“I wonder if I still remember why. Partly by accident,” says Siva Parlar and laughs.
Siva, who invented meatless kebab, has just been asked why he became an entrepreneur. The story started when Siva wanted to be a pilot at the age of 18 but didn’t pass the medical examination. Young Siva did not have a Plan B, and he was raised by an entrepreneurial family. Entrepreneurship was so evident in the daily lives of the household that the family joked about being a limited company.
“Entrepreneurship suited me, and I quickly became an entrepreneur. I adapt to situations, my environment and others easily,” Siva reflects.
He says he would not change a day. Entrepreneurship, primarily as a way of life rather than just a form of work, is strongly highlighted in the telephone interview.
”What else would I do?” he says.
Three key strengths for an entrepreneur – and none of them are related to numbers
Siva has operated both as a sole trader and under a limited company. When he started running his parents’ restaurant, the work was largely done alone. The invention of Vöner, which has arisen from the growth in demand for vegan food and observations of customer behaviour, has led to partners in the company. Working hard alone has been left behind.
Siva, who takes on work confidently, has had a few important wishes for his partner right from the start. “I told them I’d do everything else, but don’t give me numbers. Don’t put me in the office for eight hours a day. I am at my best out in the field,” Siva stresses.
I told them I’d do everything else, but don’t give me numbers. Don’t put me in the office for eight hours a day. I am at my best out in the field.
He thinks it is important for an entrepreneur to identify their own strengths and develop them as needed.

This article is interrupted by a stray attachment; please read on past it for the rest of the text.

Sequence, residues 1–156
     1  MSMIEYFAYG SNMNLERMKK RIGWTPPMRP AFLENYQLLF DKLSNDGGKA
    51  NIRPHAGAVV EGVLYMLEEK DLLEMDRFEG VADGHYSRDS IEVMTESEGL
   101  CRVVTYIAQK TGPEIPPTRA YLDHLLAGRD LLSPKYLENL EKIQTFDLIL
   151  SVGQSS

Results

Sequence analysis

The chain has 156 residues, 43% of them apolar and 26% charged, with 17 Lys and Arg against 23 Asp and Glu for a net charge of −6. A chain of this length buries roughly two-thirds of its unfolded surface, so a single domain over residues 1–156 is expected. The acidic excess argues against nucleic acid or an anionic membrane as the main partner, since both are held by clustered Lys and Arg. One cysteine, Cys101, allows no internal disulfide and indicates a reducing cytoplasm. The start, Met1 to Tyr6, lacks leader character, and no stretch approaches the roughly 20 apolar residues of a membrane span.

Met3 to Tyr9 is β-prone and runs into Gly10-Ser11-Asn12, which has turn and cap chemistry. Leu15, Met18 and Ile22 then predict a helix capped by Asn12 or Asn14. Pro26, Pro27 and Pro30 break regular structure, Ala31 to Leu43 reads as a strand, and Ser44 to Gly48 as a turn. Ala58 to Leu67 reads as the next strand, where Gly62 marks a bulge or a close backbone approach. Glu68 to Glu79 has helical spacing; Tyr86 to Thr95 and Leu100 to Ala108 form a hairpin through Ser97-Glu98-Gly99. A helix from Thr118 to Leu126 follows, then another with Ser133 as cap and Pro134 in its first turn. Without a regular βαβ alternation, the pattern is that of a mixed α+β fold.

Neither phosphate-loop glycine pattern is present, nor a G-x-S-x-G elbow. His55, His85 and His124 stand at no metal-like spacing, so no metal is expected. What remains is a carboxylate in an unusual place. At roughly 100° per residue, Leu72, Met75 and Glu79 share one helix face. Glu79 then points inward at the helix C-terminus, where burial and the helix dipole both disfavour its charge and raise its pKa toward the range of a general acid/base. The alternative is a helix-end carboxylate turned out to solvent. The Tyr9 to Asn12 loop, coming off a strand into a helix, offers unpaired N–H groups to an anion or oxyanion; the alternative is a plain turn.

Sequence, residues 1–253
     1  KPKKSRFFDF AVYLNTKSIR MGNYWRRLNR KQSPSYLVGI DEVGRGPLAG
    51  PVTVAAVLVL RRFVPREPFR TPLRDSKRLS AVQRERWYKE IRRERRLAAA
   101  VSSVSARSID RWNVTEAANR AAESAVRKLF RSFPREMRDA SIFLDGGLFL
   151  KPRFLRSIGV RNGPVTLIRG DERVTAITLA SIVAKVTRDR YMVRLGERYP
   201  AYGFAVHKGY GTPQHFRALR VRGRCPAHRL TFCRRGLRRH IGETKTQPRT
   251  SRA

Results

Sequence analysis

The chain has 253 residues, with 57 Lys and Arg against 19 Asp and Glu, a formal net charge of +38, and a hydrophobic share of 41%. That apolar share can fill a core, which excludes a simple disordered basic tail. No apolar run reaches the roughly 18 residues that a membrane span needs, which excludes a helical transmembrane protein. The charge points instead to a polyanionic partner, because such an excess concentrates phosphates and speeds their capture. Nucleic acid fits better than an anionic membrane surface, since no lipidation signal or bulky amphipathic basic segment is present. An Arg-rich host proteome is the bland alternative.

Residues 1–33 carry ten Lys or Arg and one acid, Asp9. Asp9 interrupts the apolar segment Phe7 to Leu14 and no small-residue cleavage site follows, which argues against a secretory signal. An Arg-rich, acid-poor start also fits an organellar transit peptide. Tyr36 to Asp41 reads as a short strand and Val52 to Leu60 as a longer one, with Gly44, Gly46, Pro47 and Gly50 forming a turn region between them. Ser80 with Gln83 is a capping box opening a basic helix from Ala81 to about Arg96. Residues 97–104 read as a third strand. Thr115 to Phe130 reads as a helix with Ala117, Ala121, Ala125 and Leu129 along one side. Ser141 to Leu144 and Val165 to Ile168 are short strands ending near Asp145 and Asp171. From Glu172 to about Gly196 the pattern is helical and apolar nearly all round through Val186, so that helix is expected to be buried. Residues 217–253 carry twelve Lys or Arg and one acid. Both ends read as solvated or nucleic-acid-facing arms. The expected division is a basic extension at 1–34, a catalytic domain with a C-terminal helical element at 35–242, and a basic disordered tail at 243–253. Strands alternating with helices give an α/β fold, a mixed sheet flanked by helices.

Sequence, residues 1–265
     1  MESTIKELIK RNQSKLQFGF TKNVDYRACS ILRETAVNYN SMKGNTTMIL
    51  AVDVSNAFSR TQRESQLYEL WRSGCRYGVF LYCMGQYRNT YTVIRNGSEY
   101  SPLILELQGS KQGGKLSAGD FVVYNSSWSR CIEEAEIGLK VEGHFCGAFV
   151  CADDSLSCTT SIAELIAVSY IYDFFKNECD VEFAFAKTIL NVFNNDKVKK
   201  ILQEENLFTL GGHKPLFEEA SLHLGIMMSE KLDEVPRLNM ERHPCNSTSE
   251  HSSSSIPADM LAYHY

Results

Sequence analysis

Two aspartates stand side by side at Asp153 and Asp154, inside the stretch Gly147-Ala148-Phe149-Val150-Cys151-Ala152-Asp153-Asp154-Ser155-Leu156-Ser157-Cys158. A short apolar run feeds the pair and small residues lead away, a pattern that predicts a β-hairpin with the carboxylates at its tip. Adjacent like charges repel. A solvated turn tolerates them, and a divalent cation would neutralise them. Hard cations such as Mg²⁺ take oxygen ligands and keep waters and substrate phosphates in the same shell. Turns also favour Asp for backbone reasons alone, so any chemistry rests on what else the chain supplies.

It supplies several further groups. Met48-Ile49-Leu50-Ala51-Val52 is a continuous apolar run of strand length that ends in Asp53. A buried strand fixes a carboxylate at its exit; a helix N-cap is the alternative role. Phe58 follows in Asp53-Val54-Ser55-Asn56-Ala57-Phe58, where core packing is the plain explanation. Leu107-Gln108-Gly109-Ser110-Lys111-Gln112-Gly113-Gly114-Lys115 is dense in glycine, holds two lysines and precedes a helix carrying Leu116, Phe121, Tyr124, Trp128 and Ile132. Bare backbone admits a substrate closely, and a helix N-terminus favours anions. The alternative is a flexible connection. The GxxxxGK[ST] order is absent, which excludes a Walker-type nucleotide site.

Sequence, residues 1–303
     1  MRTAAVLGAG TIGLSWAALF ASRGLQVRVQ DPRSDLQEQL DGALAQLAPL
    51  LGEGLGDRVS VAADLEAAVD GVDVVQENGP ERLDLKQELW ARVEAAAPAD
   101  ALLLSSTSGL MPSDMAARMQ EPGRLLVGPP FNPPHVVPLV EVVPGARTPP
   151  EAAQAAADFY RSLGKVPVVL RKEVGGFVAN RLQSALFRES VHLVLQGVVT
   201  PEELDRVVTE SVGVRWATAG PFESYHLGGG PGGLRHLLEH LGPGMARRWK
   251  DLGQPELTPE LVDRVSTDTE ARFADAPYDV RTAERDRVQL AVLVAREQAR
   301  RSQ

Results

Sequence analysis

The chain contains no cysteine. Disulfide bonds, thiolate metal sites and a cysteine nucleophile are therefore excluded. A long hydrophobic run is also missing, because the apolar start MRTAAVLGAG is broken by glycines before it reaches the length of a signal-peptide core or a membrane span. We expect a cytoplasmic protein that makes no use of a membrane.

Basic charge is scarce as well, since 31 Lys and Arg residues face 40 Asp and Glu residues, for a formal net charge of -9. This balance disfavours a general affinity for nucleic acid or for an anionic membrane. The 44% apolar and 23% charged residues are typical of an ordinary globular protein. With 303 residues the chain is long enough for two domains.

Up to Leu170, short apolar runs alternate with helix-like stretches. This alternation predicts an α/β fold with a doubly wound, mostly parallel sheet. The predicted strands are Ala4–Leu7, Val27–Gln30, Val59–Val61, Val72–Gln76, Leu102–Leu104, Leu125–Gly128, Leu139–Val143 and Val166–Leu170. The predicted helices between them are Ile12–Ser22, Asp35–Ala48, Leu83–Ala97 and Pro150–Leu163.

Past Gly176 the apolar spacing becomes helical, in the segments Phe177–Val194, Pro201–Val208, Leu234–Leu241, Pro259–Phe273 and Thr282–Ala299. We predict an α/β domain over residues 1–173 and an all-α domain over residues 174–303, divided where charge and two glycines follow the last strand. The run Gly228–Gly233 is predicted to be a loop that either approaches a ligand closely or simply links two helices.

“One must dare to present ideas to customers and partners. For example, because of the coronavirus, customer behaviour changed, and it is forcing companies to change.”
In addition to bravery, openness and courage have helped Parlar move forward as an entrepreneur.
“When I have dared to open my mouth and talk, I have found the best help. Chatting with clients helps you improve what you are doing.”
The paradox of entrepreneurship frees one up to do things in just the right way
Although Siva is dedicated to his entrepreneurship, he has not been able to avoid moments of doubt. When he was younger, he occasionally wondered if he was making the right decision when his friends were out studying and getting certificates and degrees from universities.
“There was hesitation. ‘They will become great officials and I’m just a restaurateur.’ Should I be there too?”
The doubts have since disappeared. There are 10 years between him becoming an entrepreneur and today. Why is Siva an entrepreneur today?
“Because I couldn’t be anything else. Every day is different. We are currently setting up a restaurant for Vöner. One day very recently I was in the restaurant, the next moment I was in a meeting. Then I ran back to the restaurant. I’m constantly on the move. That’s the best,” says Siva.
If you are a doctor, you know you are a doctor. If you are a lawyer, you know it. As an entrepreneur, you are nothing, but you are also everything.
As the interview gets directed towards reflection on what would have been good to understand about entrepreneurship earlier, Parlar notes that lessons are constantly coming up. According to him, there is a paradox in entrepreneurship: an entrepreneur does not have a pre-determined job description, but at the same time, everything depends on them.
“If you are a doctor, you know you are a doctor. If you are a lawyer, you know it. As an entrepreneur, you are nothing, but you are also everything. I would have liked to have understood this earlier.”
What is the last leap into entrepreneurship?
Anyone who dreams of entrepreneurship may already have a creative idea in the back of their head and maybe even thoughts already recorded on paper or in files. Yet, many constantly delay becoming an entrepreneur.
The answer to the last leap is simple: courage.
”I have seen some great ideas and business plans, but the courage is lacking. The desire is there, but there is also a lack of courage to jump into the unknown. That is understandable: there is rent and other bills that one must pay. I was advantaged by the fact that the first euro to enter my bank account came from entrepreneurship,” says Parlar.
According to Siva, creativity does not necessarily require inventing a completely new business. He uses his own field as an example.
“There are millions of restaurants. That’s why it is important to think about how you stand out and how you’re reforming your industry and your business.”